A year later, a district court in New York dismissed La Liberte’s case outright. While Reid ultimately prevailed, the case highlights the risk of defamation claims from social media use.

First, Reid’s re-tweet was poised to answer whether Section 230 of the Communications Decency Act, which provides that “[n]o provider or user of an interactive computer service shall be treated as the publisher or speaker of any information provided by another information provider,” also shields a Twitter user who simply re-tweets an allegedly defamatory tweet. Does re-tweeting constitute an actionable republishing of a defamatory statement? If so, who exactly qualifies as a “user of an interactive computer service”? Would a re-tweeter qualify?

While arguments have been made that the CDA safe harbor protects re-tweeters, contrary arguments have also be made. The text of the CDA would suggest that a re-tweeter is a “user of an interactive computer service,” but no court has yet answered this question. Ultimately, the court in the Reid matter was not forced to answer the question either. La Liberte dropped her re-tweet claims and focused solely on the Instagram posts.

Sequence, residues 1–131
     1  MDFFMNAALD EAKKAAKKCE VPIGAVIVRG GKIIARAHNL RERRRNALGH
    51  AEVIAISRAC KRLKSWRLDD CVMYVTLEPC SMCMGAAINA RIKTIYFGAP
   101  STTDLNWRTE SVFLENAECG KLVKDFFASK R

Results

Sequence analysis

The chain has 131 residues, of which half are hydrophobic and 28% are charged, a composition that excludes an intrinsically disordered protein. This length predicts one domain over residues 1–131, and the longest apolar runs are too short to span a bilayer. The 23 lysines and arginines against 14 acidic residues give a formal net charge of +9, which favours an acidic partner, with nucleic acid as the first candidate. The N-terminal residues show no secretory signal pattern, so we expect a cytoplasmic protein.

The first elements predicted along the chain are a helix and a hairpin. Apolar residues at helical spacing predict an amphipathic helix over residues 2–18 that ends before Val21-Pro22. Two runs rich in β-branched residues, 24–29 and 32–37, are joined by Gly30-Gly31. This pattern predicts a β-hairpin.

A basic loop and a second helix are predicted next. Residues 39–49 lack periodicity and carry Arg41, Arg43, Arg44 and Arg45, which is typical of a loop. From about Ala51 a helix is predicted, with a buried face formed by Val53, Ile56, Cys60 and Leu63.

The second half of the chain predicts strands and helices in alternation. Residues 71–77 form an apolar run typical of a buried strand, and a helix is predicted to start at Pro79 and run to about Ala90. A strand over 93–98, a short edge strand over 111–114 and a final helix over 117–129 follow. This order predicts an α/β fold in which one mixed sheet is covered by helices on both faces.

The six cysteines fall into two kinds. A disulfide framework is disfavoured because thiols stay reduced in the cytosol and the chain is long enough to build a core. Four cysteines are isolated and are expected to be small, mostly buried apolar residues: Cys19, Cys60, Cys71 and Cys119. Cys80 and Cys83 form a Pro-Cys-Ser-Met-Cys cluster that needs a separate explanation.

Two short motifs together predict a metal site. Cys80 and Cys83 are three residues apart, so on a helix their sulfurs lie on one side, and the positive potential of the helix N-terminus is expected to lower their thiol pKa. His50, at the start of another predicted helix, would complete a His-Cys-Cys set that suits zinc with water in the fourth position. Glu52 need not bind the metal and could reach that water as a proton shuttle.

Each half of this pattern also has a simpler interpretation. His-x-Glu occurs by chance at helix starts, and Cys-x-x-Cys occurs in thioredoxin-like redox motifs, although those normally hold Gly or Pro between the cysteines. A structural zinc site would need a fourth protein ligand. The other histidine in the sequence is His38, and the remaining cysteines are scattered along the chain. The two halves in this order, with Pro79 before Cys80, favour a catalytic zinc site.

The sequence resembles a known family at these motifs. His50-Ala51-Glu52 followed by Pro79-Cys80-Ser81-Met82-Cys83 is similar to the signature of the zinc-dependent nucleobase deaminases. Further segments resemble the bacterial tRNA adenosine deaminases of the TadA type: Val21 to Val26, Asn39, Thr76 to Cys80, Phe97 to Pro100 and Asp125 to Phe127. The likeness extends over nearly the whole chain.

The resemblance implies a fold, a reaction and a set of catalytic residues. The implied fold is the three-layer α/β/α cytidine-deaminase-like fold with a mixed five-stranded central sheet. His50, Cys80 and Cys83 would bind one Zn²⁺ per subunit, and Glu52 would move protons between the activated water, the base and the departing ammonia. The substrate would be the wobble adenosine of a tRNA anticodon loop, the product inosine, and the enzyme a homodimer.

With respect to the Instagram posts, the court was clear. The CDA safe harbor does not apply. The court noted that Section 230’s grant of immunity applies only if the provider or user is not also an “information content provider” of the content that gives rise to the underlying claim. “Information content provider” is defined to include “any person or entity that is responsible, in whole or in part, for the creation or development of information provided through the Internet or any other interactive computer service.” Unlike the situation regarding the re-tweet, Reid was the alleged author of the text accompanying the Instagram posts. Thus, Reid could not obtain dismissal under the CDA safe harbor.